T Bone Burnett’s Liner Notes for No Better Than This
07.30.2010 - John's new album, No Better Than This, was produced, as was the 2008's Life Death Love and Freedom, by noted producer T Bone Burnett. T Bone has produced dozens of critically acclaimed albums including Robert Plant & Alison Krauss' Raising Sand, Elvis Costello's "Secret, Profane & Sugarcane" as well as recent offerings from B.B. King, Willie Nelson and Jakob Dylan. He won four Grammy's for his work on the soundtrack to O Brother Where Art Thou? which received the prestigious album of the year award. This year he received an Academy Award in the Best Original Song category for "The Weary Kind," written for the film Crazy Heart. His liner notes for No Better Than This would seem to stand on their own as poetry while serving to convey his thoughts about the unique circumstance of the album's recording:
"In the basement of the First African Baptist Church in Savannah, Georgia, there are about half inch holes drilled in the floor in the shape of diamonds. In the 1800’s, they were thought to have significance as African tribal symbols, but in fact, they were air holes for travelers on the Underground Railroad hiding in the sub-basement. Across Montgomery Street, in Franklin Square, there is a Whipping Tree. Spanish moss grows in every tree in Savannah, except that tree. The church is filled with history. The vibe in the church is profound. This was the place John Mellencamp chose to begin recording his twenty fifth record. During the sessions, John and Elaine Mellencamp got Baptized underneath the altar where we were recording.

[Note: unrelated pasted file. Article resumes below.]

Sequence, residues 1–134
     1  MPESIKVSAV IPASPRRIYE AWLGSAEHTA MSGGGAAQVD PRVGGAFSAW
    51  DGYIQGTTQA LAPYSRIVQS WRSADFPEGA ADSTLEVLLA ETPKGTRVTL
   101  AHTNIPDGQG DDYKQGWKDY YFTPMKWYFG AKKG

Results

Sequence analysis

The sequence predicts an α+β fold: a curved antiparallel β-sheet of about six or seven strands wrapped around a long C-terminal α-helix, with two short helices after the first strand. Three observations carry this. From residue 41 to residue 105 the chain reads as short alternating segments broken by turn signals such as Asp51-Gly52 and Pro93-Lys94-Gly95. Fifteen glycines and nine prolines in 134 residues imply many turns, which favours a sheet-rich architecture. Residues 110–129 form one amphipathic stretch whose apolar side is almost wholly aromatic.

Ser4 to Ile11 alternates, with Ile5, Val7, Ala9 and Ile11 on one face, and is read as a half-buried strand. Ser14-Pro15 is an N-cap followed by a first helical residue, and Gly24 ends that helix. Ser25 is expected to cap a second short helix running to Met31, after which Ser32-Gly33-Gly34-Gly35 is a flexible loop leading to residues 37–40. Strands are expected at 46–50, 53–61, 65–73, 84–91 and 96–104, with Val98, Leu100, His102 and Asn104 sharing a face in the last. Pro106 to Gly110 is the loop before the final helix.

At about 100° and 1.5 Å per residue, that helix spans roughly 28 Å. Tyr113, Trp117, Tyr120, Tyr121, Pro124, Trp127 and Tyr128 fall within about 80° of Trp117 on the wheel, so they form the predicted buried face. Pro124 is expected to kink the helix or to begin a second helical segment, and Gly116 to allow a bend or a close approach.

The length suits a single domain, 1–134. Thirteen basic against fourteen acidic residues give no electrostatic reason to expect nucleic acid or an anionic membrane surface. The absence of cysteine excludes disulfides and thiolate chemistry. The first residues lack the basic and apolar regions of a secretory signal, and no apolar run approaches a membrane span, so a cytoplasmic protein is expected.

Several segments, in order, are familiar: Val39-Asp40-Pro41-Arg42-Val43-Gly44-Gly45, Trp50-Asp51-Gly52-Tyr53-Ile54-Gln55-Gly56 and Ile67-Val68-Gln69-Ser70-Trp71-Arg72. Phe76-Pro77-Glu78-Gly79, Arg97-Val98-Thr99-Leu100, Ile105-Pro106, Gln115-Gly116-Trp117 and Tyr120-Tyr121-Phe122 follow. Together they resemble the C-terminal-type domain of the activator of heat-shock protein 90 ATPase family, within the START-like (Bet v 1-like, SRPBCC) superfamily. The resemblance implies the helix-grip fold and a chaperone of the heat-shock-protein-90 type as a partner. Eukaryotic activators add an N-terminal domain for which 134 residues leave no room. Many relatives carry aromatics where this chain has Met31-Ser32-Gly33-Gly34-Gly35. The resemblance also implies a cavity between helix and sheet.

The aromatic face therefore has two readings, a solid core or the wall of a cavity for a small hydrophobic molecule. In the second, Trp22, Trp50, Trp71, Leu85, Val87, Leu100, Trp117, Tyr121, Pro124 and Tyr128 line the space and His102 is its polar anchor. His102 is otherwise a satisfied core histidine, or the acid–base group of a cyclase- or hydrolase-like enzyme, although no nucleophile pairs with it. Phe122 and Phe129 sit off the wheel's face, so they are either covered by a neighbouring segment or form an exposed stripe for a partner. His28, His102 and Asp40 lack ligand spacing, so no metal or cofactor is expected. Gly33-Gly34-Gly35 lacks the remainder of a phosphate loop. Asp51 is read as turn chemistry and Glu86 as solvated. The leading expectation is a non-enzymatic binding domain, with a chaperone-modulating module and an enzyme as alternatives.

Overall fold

We next met up in Memphis at 706 Union Avenue, the site where the great record maker and civil rights pioneer, Sam Phillips, recorded Howlin Wolf and Elvis Presley. Mr. Phillips had put black x’s on the linoleum floor where each of the musicians was placed for the historic sessions with Mr. Presley. We set up on those x’s and put a ribbon mic between them. As soon as the band hit the first note, the room came alive. John was standing about five feet from the microphone. The room is the perfect size to record a four-piece band. The room compresses the sound in a distinctive and exciting way. The band blended itself - there was no need to mix it.
We ended up in room 414 of the Gunter Hotel in San Antonio where Robert Johnson first recorded. He recorded "Terraplane Blues" and "Dust My Broom" in that room. We set up as Don Law did - the recording equipment in one room and the microphone next door. We had heard that Mr. Johnson had sung into the corner, so John did the same. He sang into that corner like there was a hellhound on his trail. I have to say, that is one killer sounding corner.
All those ghosts. All those spirits. This is a haunted record." - T Bone Burnett, Summer 2010